The partnership between the United States and Indian Nations (tribes) in regulating pesticide pollution in Indian country that is governed by the Federal Insecticide, Fungicide, and Rodenticide Act (FIFRA or Pesticide Law) has become dysfunctional due to weak provisions in FIFRA and pesticide regulations and guidance from the United States Environmental Protection Agency (EPA), the federal agency authorized to implement FIFIA. The tribal/federal partnership under FIFRA is overwhelmingly federal, while the role for tribal governments is limited. EPA conducts all FIFRA enforcement actions and allows tribes a limited role to cooperate in outreach and enforcement.
Federal laws and regulations should support environmental institution building by tribal governments, distinguish the multi-dimensionality of Indian people and cultures, and acknowledge the value that Indian people place on land without limitations that stereotype individual Indians or tribal life-ways. Such things are the hallmark of a genuine federal/tribal partnership. Improving the federal/tribal partnership by authorizing more tribal certification programs for pesticide applicators and primacy for tribal governments could incidentally enhance non-Indian cultures by teaching individuals, such as pesticide applicators, about diverse tribal life-ways that would better protect human health, the land, and the environment in Indian country from pesticide exposures.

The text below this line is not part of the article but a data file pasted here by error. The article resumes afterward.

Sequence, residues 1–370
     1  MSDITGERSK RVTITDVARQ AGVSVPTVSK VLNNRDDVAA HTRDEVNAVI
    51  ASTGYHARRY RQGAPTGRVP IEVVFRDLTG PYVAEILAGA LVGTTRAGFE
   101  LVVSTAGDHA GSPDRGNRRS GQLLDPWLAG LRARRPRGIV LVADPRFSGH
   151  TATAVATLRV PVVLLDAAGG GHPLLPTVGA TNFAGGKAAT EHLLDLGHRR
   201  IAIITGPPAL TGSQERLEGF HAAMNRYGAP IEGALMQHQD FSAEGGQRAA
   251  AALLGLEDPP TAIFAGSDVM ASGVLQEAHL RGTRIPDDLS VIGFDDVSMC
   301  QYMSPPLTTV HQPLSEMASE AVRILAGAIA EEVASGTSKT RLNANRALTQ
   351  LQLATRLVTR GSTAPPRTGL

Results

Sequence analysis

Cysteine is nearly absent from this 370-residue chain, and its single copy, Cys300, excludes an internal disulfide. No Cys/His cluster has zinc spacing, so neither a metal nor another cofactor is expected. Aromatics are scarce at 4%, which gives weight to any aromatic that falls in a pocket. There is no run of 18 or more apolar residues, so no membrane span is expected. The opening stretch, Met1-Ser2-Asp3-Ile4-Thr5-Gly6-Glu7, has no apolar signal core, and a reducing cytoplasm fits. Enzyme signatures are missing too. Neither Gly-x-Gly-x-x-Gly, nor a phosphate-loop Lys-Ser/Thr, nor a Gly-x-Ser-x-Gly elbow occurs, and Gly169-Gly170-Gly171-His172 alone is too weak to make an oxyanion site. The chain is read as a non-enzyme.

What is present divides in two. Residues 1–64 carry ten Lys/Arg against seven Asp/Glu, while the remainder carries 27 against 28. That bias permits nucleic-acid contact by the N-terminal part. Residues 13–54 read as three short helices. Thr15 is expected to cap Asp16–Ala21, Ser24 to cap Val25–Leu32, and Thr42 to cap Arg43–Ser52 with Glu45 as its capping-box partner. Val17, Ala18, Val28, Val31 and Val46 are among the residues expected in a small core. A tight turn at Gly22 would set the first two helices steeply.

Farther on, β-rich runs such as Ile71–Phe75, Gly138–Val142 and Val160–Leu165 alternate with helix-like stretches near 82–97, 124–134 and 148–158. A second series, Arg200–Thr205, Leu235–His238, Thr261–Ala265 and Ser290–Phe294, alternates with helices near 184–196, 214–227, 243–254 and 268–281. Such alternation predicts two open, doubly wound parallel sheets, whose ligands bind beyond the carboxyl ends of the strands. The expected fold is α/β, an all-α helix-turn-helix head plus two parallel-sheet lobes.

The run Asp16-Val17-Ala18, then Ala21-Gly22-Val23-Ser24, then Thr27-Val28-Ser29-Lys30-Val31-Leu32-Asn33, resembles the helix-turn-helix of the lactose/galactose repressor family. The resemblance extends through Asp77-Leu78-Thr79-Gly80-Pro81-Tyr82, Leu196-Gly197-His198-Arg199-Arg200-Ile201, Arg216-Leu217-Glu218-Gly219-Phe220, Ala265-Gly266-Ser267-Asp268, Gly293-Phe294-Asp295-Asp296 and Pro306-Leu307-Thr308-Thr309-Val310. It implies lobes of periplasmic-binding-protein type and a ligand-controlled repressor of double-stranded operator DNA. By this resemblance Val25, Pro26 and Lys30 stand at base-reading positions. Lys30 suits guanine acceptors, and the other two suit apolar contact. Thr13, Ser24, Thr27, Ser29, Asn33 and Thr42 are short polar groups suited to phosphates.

- Federal Indian Law,
- Environmental Protection,
Available at: http://works.bepress.com/jane_kloeckner/1/